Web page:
As students flock back to IU’s campus, many feel waves of emotions as they return to in-person events and resume classes. All the while, worries of the delta variant of the coronavirus grow stronger.
Seniors return to what feels like a crowded campus as they look to make the most of their time left. Juniors reminisce about their semester and half in person before the pandemic while relearning buildings and bus routes. Sophomores mirror the freshmen by sharing similar first-time experiences after spending most of their first year online.
Bloomington feels different yet familiar entering the third academic year inflicted with a pandemic.
At the Upstairs Pub on the first $2 Tuesday of the semester, the bouncer asked patron after patron to pull down their masks to check IDs against faces. After conducting his brief moment of scrutiny and deeming the faces matched, they pulled their masks back up and stepped inside.
A few feet beyond the bouncer’s ongoing routine, a woman in an orange halter top asked the bartender, “can I get an AMF?” He handed her the bright blue drink moments later, then turned to make another.
Just past 8 p.m., the bar was already beginning to fill in, with a steady stream of people still flashing IDs and finding seats. The heat grew more bearable as the sun set. Some claimed seats on the patio overlooking Kirkwood Avenue while others headed the opposite direction, toward the pool table at the back of the bar.
Other than the bar’s staff and people milling around near the bartop waiting to order a drink, most faces were unmasked. Many were lighting up at the sight of friends they hadn’t seen in months.
IU seniors Sarah Groechel, Bari Stockel and Kiley Roff sat at the corner of the patio. Their matching reddish-pink drinks — double Dirty Shirleys — sat in front of them on the table as they talked. The three said they were excited to be back in person and to see the sidewalks full of people again.
“It’s nice to have some sense of normalcy,” Roff said with her friends nodding in agreement.
In the School of Public Health dance studio, students stood in rows, listening as instructor Selene Carter explained an exercise. They weren't quite standing six feet apart, but all were masked. It’s both a closeness they weren’t able to have last year and a reminder that the pandemic isn’t over.
They began stretching their arms up to the ceiling or down to the floor, lengthening and narrowing the positions of their bodies. The activity, an exercise in breath and movement, teaches them to incorporate new shapes and patterns into their lives.
“When you were home during COVID, was there a certain form you got a little stuck in?” Carter asked. “I know I did.”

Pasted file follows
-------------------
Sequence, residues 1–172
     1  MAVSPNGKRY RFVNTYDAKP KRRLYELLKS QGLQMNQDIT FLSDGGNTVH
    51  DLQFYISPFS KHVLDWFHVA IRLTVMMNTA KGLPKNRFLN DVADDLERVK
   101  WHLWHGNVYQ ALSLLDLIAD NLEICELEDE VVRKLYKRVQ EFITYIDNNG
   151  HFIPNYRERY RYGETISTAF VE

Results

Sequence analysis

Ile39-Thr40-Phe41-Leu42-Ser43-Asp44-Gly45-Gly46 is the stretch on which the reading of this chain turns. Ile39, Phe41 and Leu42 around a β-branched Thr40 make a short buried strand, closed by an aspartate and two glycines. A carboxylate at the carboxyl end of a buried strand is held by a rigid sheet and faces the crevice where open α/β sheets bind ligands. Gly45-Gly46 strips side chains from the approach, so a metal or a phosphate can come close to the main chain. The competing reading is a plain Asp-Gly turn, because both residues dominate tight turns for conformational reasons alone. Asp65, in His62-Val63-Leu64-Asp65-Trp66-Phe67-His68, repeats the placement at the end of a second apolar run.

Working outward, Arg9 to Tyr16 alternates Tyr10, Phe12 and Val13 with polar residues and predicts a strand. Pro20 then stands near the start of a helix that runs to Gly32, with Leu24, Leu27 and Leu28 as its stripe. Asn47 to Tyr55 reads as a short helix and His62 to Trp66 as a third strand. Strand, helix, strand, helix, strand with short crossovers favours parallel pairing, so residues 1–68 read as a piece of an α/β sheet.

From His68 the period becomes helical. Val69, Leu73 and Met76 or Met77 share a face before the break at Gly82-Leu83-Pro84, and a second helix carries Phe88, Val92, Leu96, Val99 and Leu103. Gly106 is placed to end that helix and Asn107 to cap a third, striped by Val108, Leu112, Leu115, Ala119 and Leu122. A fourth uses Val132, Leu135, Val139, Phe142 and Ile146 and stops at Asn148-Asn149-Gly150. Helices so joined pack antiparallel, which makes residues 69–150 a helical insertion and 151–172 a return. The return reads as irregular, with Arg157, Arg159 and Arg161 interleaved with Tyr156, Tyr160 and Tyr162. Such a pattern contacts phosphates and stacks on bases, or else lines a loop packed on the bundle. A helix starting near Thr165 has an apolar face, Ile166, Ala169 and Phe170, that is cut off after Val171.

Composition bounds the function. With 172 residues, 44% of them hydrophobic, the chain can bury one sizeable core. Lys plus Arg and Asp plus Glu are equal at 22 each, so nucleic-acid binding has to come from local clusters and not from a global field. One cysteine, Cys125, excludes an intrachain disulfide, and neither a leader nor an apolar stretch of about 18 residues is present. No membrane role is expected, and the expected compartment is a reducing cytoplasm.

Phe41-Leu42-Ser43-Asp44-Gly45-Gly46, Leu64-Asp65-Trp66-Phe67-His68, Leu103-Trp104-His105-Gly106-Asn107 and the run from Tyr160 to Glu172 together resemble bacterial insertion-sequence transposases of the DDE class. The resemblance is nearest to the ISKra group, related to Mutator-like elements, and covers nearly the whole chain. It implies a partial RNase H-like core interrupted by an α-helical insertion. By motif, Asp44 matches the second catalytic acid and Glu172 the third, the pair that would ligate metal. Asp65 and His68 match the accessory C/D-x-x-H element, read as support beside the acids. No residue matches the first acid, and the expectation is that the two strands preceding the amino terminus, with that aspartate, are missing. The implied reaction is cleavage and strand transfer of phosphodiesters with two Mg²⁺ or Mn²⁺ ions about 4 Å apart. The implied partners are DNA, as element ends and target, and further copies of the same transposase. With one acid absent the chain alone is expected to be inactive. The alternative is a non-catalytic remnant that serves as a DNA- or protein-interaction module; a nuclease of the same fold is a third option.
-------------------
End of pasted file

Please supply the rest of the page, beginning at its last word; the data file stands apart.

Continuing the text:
One student crouched down hugging her knees to her chest. Another rolled onto her back on the mat. For a few minutes, the feelings of rigidity and constraint of the last year seemed to dissipate with each flowing movement.
They moved to talking about what it’s like to be back in person, using words like “exciting,” “refreshing” and “amazing.” IU senior Audrey Surina said she feels more motivated.
The group agreed the transition has been chaotic, but they agreed they felt safe together in this space.
On Wednesday afternoon, the Sample Gates bustled with activity.
Sweaty students power walked to catch already stuffed buses as Lime scooter riders and cyclists swerved around them. A pair of girls in white tank tops and biker shorts gossiped as they walked in tandem toward Kirkwood Avenue. A trio of women exclaimed and hugged on the sidewalk as if they hadn’t seen each other since before quarantine.
Only small details betrayed the persistent presence of the pandemic. Blue surgical face masks hugged chins and looped around wrists. Orange bulbs lit up a road sign on Kirkwood, blinking out messages like “Mask up indoors” and “Stay safe!”
A tour guide led a group to the highly photographed destination. The prospective students craned their necks to see the outdoor seating down Kirkwood and admire the limestone arches of the Sample Gates.
“Take in the ambience of being on campus,” the guide told the group.
Perched on a stone ledge near the bus stop, senior Peyton Sanders scrolled on her phone waiting for a friend to pick her up. Sanders said she’s optimistic about this semester, but she worries about the new delta variant, especially because she lives with immunocompromised people in her hometown.